for some disturbing violence, graphic nudity, language and brief sexuality.
Oscar Isaac, Tiffany Haddish, Tye Sheridan, Willem Dafoe, Joel Michaely
Braxton Pope, Lauren Mann, Dav
Focus Features on
Writer/director Paul Schrader makes moody, low-budget movies about isolated people. While his highly regarded reputation as a screenwriter is deserved (he wrote, among other titles, Raging Bull and Taxi Driver), his directorial resume is checkered -- he was at the helm for American Gigolo and Affliction, but also The Canyons. George C. Scott allegedly once said to Schrader: "You're a great screenwriter but the world's worst goddamned director." In the case of The Card Counter, Schrader is functioning as both writer and director but the main problems seem more associated with the former function than the latter.
The Card Counter feels like it's about two-thirds of a good movie. Despite solid performances from lead actor Oscar Isaac (at his steely-eyed, slow-burn best) and the supporting cast (which includes Willem Dafoe, Tye Sheridan, and an underused Tiffany Haddish in a purely dramatic role), not all elements of the movie gel. Not only do there appear to be missing scenes (transitions are often abrupt and plot threads are left dangling) but two of the most important sequences (one on-screen, the other off-screen) strain credulity. Although The Card Counter is grounded in reality at the outset, it goes off the rails by the time it reaches its climax (not unlike one of Schrader's earliest films, Hardcore, which starred the aforementioned Scott).
The purpose of The Card Counter is to deconstruct the beloved Hollywood trope of the redemption of the anti-hero. For this movie, Schrader wants to tap into the mindset of a badly damaged man convicted of war crimes and follow his quest for redemption. Rather than this happening serendipitously, he instead orchestrates it and when his plans are on the verge of falling apart, he forces the issue (that's the first hard-to-swallow scene I mentioned above). Most of what follows either doesn't make sense or is borderline-ridiculous. Although the decision not to film a duel (having it happen off-camera with only an audio track to indicate what's happening) is most likely a budgetary issue, the result proves to be fundamentally unsatisfying.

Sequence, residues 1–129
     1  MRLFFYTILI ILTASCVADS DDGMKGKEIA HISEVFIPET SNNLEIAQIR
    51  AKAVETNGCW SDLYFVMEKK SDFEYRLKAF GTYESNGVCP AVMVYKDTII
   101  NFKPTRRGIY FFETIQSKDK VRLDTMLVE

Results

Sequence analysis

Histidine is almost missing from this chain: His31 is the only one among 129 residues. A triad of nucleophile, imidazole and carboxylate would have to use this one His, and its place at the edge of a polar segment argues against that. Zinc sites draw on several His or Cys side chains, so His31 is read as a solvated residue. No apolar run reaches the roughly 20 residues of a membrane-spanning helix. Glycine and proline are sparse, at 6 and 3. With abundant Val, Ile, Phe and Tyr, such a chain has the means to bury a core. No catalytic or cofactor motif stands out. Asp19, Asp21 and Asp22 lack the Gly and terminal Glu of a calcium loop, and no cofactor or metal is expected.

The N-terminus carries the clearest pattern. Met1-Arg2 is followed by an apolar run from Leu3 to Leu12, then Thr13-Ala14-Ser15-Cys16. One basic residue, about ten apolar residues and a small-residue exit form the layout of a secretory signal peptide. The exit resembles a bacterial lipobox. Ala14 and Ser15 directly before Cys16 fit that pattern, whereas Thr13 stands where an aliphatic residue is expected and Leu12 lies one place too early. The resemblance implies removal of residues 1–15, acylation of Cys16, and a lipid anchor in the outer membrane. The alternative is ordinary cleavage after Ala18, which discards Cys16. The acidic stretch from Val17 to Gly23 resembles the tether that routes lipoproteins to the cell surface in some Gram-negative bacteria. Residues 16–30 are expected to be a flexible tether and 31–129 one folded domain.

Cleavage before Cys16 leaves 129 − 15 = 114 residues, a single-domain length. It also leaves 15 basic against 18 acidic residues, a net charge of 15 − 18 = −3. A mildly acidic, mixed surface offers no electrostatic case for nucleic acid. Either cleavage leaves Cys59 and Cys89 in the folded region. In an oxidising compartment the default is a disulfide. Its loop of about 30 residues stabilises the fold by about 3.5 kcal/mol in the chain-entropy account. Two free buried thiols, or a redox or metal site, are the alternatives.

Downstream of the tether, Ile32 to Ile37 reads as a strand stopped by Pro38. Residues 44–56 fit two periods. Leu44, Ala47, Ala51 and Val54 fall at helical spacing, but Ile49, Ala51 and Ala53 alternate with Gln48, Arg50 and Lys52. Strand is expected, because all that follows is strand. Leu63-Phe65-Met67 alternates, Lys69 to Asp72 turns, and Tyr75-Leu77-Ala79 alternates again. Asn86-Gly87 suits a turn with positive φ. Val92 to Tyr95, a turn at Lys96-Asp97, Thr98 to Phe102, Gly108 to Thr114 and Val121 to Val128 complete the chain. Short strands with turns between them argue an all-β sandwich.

Just like Raging Bull was about a boxer without being a boxing movie, so The Card Counter is about a gambler without being a gambling movie. Schrader has no interest whatsoever in going the sports-movie route of developing tension by exploring each match in loving detail. To the extent that he's interested in the games, it's only about how the wins and losses impact the characters. In the voiceover, he gives us a primer about how to card count but that's more in the nature of colorful background than a major plot point.
The title character, played by Oscar Isaac, has the loaded name of William Tell. His background, which is gradually revealed through flashbacks, is murky and gut-churning, and has a connection with the character played by Willem Dafoe. He travels the country going from casino to casino, wining small amounts before moving on. His philosophy: he's a card counter and the casinos know it, but they don't care unless he wins big. So if he keeps his takings small, he can gradually build a fortune. He connects with a woman named La Linda (Tiffany Haddish) and develops a mentor/pupil relationship with a young man, Cirk (Tye Sheridan), whose father might have met William when they both served in Abu Ghraib. Cirk is at loose ends -- his father killed himself, he's estranged from his mother, and he's adrift. William decides that in Cirk might be found the elusive path to redemption -- something he sorely needs (as we gradually become aware).
Back in 2013, when Schrader released The Canyons, he participated in a number of interviews in which he indicated that the thought the future of movies was at-home rather than in-theater (punctuated by the opening scenes of that film, which showed still images of dilapidated multiplexes). There's an irony that eight years later, when an increasing number of small-to-mid-sized movies are opening either via VOD or on a streaming service, Focus Features has elected to give The Card Counter a theater-only run. There's nothing about the movie that streams "must see," which makes this a curious choice for that "old fashionedz" (and arguably out-of-date) distribution pattern.
If every gambler has a "tell," the same can be said of every director. Schrader's are evident in The Card Counter: the heavy, relentless atmosphere; the obtuse main character; the sense of impending doom. As a mood piece, the film works well. As a chance for Isaac to re-familiarize viewers with his serious side after spending three films in a galaxy far, far away, it's effective. But as a character study, it's flawed and as a narrative, it's erratic. There are too few high cards in the movie's deck for it to be considered a winning hand.
© 2021 James Berardinelli
Cinemas About Town